In this course, we will analyze the most cost-effective connectivity options between AWS and on-premises environments and the key networking cost contributors in these architectures.
- A greater understanding of networking costs in hybrid architectures, including:
- The costs of connectivity services like Direct Connect, Site-to-Site VPN, and Transit Gateway
- How to select the most cost-effective connectivity option considering your business requirements
- Those who are planning on implementing and managing hybrid architectures on AWS and need to better understand the cost implications of the different connectivity options
- You should have a fundamental understanding of networking services on AWS, including VPCs, Direct Connect, Site-to-Site VPNs, and Transit Gateway.
- For more information on these services, please see our existing content titled:
In this lecture, I’ll be discussing the various networking charges associated with Direct Connect-based hybrid architectures. To do this, I’ll first discuss the costs of the most basic Direct Connect architecture for non-critical workloads. We’ll then look at these costs in an architecture designed for maximum resiliency.
So let’s look at the first architecture - this is the simplest Direct Connect implementation. In this example, you have the Direct Connect facility (or colocation) in the middle, your AWS resources on the right side, and your on-premises facility on the left side.
The first cost factor is the Direct Connect line itself. The cost of the Direct Connect line is dependent on four main factors:
The number of Direct Connect locations,
The number of ports in use per location,
The port type, whether it’s dedicated or hosted,
and the port capacity.
Since this is the simplest use case, this architecture uses only one location - for example, the Ohio Colocation, and only one port in that location.
The next choice is whether you want a dedicated line or a partner-managed hosted connection. At face value, this decision doesn’t impact cost in a significant way. Instead, this choice is dependent on business requirements.
However, the port type you choose can also drive your decision for port capacity. If you choose a dedicated port, you can choose between a 1G, 10G, or 100G line. If you select a hosted connection, you have options between 50 Mbps and 10G. Selecting port capacity is a more significant cost factor. Generally the higher the port capacity, the more expensive your fees. For this simple example, I’ll say this is a dedicated 1 GB line.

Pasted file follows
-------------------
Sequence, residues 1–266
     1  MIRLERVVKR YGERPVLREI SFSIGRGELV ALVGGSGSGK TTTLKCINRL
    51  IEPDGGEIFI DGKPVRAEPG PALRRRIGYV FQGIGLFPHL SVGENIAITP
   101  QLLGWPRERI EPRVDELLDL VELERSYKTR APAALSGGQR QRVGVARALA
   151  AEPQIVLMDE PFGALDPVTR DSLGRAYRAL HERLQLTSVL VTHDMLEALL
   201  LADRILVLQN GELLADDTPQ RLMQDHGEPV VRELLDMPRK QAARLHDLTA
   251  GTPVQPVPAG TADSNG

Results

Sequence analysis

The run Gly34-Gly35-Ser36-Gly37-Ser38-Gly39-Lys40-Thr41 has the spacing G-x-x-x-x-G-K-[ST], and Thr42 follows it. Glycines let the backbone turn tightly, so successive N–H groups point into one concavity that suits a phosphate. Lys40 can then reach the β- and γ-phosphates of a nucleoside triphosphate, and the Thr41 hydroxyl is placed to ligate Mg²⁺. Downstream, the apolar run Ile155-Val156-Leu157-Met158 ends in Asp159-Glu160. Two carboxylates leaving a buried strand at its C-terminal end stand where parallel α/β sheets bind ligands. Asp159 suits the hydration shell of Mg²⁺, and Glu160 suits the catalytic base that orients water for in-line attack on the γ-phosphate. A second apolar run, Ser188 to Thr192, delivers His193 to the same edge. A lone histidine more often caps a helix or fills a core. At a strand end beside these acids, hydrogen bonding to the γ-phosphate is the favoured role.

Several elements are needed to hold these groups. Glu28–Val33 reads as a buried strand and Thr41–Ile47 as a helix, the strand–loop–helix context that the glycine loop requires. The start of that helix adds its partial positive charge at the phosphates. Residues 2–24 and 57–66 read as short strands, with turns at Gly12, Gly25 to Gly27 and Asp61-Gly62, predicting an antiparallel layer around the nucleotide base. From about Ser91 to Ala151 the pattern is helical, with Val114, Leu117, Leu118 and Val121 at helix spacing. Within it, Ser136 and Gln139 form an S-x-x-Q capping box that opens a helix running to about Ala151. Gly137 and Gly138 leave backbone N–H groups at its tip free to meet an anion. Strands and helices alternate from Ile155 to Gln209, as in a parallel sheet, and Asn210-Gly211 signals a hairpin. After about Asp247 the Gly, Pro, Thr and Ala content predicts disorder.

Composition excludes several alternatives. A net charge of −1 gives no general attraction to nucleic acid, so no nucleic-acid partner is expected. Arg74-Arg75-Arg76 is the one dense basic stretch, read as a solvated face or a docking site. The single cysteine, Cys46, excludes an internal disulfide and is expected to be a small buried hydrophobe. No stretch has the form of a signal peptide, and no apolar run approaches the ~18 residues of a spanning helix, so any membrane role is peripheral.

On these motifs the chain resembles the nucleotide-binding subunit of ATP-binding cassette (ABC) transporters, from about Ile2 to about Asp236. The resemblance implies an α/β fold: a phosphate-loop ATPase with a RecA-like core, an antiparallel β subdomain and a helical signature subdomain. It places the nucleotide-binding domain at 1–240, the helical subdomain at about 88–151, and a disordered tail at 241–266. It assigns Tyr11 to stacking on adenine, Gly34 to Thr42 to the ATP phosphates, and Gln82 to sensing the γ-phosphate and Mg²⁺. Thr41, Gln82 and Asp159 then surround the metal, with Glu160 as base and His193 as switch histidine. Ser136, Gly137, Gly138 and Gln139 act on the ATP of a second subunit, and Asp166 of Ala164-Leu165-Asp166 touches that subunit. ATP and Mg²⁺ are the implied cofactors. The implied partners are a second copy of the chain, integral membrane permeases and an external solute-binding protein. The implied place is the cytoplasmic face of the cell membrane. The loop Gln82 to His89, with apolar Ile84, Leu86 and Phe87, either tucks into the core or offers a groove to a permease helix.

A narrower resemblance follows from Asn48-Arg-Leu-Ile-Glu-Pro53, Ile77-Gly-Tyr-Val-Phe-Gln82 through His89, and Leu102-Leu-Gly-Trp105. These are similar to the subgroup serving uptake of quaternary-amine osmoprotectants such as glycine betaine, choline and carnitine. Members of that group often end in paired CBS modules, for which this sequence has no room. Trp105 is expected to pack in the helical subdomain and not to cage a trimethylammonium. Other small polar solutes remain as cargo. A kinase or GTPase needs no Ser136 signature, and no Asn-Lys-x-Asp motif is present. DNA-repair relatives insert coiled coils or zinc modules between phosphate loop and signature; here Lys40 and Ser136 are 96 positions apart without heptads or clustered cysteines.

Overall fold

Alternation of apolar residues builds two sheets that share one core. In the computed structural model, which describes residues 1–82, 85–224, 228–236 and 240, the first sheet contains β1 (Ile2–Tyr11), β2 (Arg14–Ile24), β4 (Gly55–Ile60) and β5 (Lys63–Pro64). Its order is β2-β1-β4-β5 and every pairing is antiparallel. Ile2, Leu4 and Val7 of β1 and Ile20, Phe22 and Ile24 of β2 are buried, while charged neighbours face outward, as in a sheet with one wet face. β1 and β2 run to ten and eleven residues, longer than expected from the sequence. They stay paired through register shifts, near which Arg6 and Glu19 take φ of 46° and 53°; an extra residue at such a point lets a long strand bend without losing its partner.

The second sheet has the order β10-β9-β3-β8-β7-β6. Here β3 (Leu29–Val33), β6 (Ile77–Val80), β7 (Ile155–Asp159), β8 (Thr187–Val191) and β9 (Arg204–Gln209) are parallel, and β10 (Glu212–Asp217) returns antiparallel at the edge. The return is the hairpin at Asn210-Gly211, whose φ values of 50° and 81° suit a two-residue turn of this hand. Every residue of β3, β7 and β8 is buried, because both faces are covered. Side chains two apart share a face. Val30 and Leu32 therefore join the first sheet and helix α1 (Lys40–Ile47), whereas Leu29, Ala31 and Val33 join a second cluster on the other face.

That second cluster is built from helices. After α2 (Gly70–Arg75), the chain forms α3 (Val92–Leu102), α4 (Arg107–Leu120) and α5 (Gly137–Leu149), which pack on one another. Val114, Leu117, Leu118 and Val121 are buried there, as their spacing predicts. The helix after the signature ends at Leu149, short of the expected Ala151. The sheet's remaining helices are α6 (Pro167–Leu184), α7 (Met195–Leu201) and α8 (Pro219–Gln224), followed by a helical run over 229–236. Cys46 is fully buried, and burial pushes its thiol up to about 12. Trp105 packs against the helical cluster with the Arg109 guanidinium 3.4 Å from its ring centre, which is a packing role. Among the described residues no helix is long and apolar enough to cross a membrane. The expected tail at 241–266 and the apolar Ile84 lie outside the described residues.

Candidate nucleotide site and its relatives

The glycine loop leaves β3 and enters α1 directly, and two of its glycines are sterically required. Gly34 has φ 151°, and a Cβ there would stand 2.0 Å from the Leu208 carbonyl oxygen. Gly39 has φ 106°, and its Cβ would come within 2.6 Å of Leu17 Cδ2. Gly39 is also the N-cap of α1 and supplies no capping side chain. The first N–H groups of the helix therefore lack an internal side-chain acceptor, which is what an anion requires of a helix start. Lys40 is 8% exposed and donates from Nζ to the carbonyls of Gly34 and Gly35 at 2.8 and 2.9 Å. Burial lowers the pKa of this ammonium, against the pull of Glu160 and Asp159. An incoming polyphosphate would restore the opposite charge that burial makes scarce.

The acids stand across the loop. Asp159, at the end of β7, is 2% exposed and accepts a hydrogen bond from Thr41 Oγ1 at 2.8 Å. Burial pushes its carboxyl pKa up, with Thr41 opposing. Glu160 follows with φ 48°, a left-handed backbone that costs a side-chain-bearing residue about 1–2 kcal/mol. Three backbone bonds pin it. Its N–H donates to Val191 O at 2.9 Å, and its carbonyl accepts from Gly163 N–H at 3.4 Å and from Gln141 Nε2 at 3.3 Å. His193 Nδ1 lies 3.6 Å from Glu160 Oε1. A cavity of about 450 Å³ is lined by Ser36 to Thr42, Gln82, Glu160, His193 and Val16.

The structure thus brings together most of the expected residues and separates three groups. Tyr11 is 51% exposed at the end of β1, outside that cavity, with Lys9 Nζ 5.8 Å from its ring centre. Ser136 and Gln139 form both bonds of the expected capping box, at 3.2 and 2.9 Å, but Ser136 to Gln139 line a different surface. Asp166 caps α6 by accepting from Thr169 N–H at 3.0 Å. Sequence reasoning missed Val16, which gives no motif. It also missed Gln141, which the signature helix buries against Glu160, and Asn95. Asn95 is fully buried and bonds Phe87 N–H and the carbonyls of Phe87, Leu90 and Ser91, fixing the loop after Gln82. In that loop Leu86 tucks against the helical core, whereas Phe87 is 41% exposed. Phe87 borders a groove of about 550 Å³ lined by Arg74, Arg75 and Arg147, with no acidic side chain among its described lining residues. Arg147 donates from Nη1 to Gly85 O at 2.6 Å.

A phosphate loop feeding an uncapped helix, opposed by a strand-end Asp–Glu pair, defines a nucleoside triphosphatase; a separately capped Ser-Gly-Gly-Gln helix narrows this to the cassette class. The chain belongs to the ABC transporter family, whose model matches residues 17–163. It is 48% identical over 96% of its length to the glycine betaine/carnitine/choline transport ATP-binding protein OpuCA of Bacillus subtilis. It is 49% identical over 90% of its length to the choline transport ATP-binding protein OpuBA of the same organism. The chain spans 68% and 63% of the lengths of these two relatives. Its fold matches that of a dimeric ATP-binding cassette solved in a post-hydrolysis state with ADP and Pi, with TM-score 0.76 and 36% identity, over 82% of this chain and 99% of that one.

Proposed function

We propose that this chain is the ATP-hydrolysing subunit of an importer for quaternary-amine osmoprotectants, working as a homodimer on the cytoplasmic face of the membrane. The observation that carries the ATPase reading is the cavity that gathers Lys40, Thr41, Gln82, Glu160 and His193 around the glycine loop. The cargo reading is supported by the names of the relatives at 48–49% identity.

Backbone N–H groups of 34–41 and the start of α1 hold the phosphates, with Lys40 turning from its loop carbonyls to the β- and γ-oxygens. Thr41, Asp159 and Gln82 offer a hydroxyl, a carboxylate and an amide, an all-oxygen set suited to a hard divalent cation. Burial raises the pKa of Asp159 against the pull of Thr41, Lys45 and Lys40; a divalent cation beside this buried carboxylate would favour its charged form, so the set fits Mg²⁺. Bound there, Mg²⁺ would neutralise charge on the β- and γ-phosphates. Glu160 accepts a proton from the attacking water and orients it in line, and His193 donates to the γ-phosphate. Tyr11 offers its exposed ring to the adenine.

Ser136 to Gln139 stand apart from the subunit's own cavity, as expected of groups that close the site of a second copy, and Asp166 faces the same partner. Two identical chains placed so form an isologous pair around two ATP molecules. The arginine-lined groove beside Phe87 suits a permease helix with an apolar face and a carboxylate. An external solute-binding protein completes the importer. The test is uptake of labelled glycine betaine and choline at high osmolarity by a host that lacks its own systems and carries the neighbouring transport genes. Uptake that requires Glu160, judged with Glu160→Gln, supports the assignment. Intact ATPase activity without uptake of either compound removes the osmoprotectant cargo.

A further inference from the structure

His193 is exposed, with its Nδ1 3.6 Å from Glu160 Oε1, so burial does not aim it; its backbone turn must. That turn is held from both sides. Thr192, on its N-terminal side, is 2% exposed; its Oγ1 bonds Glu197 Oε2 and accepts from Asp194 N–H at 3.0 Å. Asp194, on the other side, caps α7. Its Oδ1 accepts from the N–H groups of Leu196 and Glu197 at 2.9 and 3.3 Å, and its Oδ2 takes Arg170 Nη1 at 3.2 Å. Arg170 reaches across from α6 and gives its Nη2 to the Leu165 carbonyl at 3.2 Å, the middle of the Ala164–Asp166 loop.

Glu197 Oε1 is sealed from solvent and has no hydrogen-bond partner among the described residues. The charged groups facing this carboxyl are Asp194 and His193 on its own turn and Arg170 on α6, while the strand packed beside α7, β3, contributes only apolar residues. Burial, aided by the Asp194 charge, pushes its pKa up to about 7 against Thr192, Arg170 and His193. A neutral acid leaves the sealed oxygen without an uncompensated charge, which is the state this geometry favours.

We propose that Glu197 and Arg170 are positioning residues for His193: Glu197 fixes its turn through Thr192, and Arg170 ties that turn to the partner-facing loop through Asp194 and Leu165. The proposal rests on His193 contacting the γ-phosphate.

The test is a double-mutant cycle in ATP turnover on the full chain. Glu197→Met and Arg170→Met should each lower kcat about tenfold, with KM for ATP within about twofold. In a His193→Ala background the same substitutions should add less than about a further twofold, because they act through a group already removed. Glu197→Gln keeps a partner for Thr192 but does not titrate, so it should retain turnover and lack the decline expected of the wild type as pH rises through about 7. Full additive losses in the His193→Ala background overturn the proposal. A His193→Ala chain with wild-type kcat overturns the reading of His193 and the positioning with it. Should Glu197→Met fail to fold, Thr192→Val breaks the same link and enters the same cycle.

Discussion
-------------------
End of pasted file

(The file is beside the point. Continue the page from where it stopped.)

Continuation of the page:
The port type and the port capacity determine what the port hourly rate is. You can consider this the service charge. For example, a dedicated 1 GB line would give you a $0.30 per hour rate per port you use. You then multiply that rate by how many hours the line is active, which for most customers is 100% of the month - or 730 hours. So, 730 hours multiplied by $0.30 an hour, multiplied by how many ports you use, which in this case is 1. That gives you $219 US dollars per month for the Direct Connect Line.
The next cost to factor in is data transfer. Data transfer into AWS is free, however, data transfer out of AWS is not. Now, this fee is dependent on where your data is going, but let’s just assume that it’s leaving a US region and going to your Ohio data center. In this case, data transfer would cost $0.02 per GB. So for example, if you transfer 1 TB of data per month which is 1024 GB, you would multiply $0.02 by 1024 GB, which equals $20.48 US dollars per month.
What’s important to understand here is that the data transfer fees can make Direct Connect the best option for workloads that transfer large volumes of data. That’s because the Direct Connect data transfer fee is actually a reduced rate and can save you money over time, especially since you won’t be relying on your internet connection to transfer huge amounts of data.
There may be additional provisioning costs as well, depending on how your network is configured. For example, you may need to include the cost of cross connects, or partner fees. You may need racks or equipment within the colocation. You also may need to factor in the cost of customer gateway devices. This will be dependent on your vendor and the performance specs you need and can be up to thousands of dollars. The virtual private gateway and Direct Connect gateway come at no additional cost.